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Automatic for the people

Property valuations: Mortgages plc deputy chief executive Peter Beaumont explains the usefulness of automated valuation models but doubts their widespread adoption by lenders in the near future

Automated valuation models have largely been hidden backroom functions but have recently become more widely talked about for two reasons.

The first was the introduction of home information packs by the Government. Under the original proposals, a home condition report was a compulsory part of every Hip but did not include a valuation. Lenders said they would still require a standard valuation to be carried out, which would impose an additional cost on the buying process.

AVMs were put forward as a possible solution as they overcame the need for the lender to undertake a physical valuation of the property but the Government had a change of heart and home condition reports are no longer a mandatory part of Hips.

The second reason for AVMs to become more widely known has been the launch of instant online offers. Intense competition means that an increasing number of lenders are likely to launch instant online offers and the use of AVMs has been fundamental to their development.

Although lenders have been able to access instant credit reference and electoral roll data online, they still have to instruct a valuer to undertake a physical valuation of a property. This process can take several days and any offer has therefore been conditional.

What are AVMs and how do they work? AVMs do not require a physical valuation to be conducted. House price data from the Land Registry and other sources is combined with information about the property type and condition to calculate a valuation for a specific property.

To understand how this statistical alchemy works, consider an example. In a row of four identical houses, if three out of four have been sold recently for 250,000, it stands to reason that the fourth is probably also worth 250,000. But a row of houses is rarely identical, either in type or condition, and it is also rare for similar houses to have been sold at a similar time. That is where the clever computing comes into play. The variables are taken into consideration and a valuation – including a confidence factor for the valuation – is produced.

One of the leading providers of this type of technology is Hometrack, which claims that its Realtime valuation system is used by over 70 per cent of lenders and its Realtime pre-valuation system is used by over 90 per cent of second-charge and sub-prime lenders. The system has a database of more than 22 million units of property data and Realtime produces more than 10 per cent of the UK’s residential valuations each year.

Perhaps the final endorsement which AVMs have needed has come from the rating agencies, Standard & Poor’s, Fitch and Moody’s. These agencies rate lenders’ securitisation deals and AVMs provide an excellent way for lenders to value a portfolio of mortgages. Actually, it is not the role of rating agencies to endorse AVMs – they simply give a view on the risks associated with their use – but most agencies have issued guidelines on the treatment of AVM-valued assets.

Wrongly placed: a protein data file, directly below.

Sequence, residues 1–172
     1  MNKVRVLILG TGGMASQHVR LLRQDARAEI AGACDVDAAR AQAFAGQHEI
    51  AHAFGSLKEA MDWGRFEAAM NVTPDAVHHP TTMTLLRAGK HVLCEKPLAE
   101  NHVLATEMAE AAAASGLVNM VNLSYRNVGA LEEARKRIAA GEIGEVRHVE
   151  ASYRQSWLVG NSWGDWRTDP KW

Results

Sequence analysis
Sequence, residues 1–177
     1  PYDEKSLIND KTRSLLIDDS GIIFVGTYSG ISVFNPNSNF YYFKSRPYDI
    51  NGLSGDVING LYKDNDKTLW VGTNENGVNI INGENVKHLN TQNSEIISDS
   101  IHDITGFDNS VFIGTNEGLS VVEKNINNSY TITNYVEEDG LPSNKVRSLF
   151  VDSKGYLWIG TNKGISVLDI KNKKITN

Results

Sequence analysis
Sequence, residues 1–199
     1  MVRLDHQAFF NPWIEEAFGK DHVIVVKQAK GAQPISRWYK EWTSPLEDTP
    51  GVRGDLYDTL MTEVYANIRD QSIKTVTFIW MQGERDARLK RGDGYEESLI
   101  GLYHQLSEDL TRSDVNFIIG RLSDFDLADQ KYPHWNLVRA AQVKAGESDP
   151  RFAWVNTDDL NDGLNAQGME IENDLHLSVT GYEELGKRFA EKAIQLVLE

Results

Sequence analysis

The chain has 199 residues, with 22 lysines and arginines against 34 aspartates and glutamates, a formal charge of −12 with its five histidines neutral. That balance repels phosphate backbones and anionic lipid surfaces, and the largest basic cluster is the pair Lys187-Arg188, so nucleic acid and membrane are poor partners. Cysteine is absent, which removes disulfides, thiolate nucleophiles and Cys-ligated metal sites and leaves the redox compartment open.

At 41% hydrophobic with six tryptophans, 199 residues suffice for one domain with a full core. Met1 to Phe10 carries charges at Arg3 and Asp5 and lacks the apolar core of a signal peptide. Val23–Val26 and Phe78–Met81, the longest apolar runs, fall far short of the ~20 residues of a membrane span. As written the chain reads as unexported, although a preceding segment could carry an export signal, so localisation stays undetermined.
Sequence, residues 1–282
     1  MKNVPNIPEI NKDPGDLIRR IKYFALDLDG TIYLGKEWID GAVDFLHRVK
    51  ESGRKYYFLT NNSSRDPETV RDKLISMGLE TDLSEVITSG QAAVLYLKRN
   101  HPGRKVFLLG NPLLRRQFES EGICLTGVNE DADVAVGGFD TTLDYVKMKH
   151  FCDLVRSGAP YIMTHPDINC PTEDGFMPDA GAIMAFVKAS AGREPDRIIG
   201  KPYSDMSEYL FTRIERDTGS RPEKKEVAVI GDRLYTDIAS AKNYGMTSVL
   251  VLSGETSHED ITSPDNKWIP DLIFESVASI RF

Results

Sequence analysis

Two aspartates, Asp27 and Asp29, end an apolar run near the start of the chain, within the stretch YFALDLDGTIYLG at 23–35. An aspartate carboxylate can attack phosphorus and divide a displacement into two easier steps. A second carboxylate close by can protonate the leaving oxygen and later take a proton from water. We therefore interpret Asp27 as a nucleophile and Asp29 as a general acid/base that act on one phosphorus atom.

Rating agencies do perceive a greater risk when using AVMs and will apply what is know as a “haircut” – a reduction in the valuations. The severity of the haircut s determined by the confidence level that the AVM provider attributes to each valuation.

Lenders will also limit the percentage of AVMs used as part of a specific pool of securitised mortgages. In a first pool, for example, the level of AVM use may be 5 per cent, in the second 10 per cent and so forth. This is to enable the investors who buy the bonds to become used to the increased use of AVMs. AVMs have reached a point where they are an essential tool for most lenders.

There is a danger that AVMs are seen as the perfect solution to every situation, which is not the case.

Research undertaken by the Council of Mortgage Lenders confirmed that at the end of 2005, only 25 per cent of lenders were using AVMs for some of their property valuations, primarily remortgaging and further advances. The research asked lenders to anticipate how the use of AVMs will change over the next five years and the result was that lenders believe AVMs will account for only 38 per cent of all valuations by 2012. This means that 62 per cent will continue to be carried out using physical inspections.

Why the relatively low take-up of AVMs? Lenders do not like using AVMs when loan-to-value ratios are high or for high-value properties. This is for exactly the same reason why rating agencies apply haircuts – AVMs are not infallible and there is scope for inaccuracy. Some properties are also difficult to value using AVMs, such as newly built houses, flats, properties of non-standard construction and unusual properties. Properties which are likely to be in poor condition, such as repossessed properties, will also require a physical inspection. Lenders prefer using AVMs for remortgages and further advances rather than house purchase.

AVMs will not threaten the livelihood of valuers for some time to come. Most mortgages will still require a physical valuation for the foreseeable future.

Which brings us back to instant online offers. These are a significant step forward but intermediaries cannot bank on being able to get an instant offer every time. Instant offers are not necessary in most cases and a delay of a few days for a valuation to be carried out will not be detrimental to the client.


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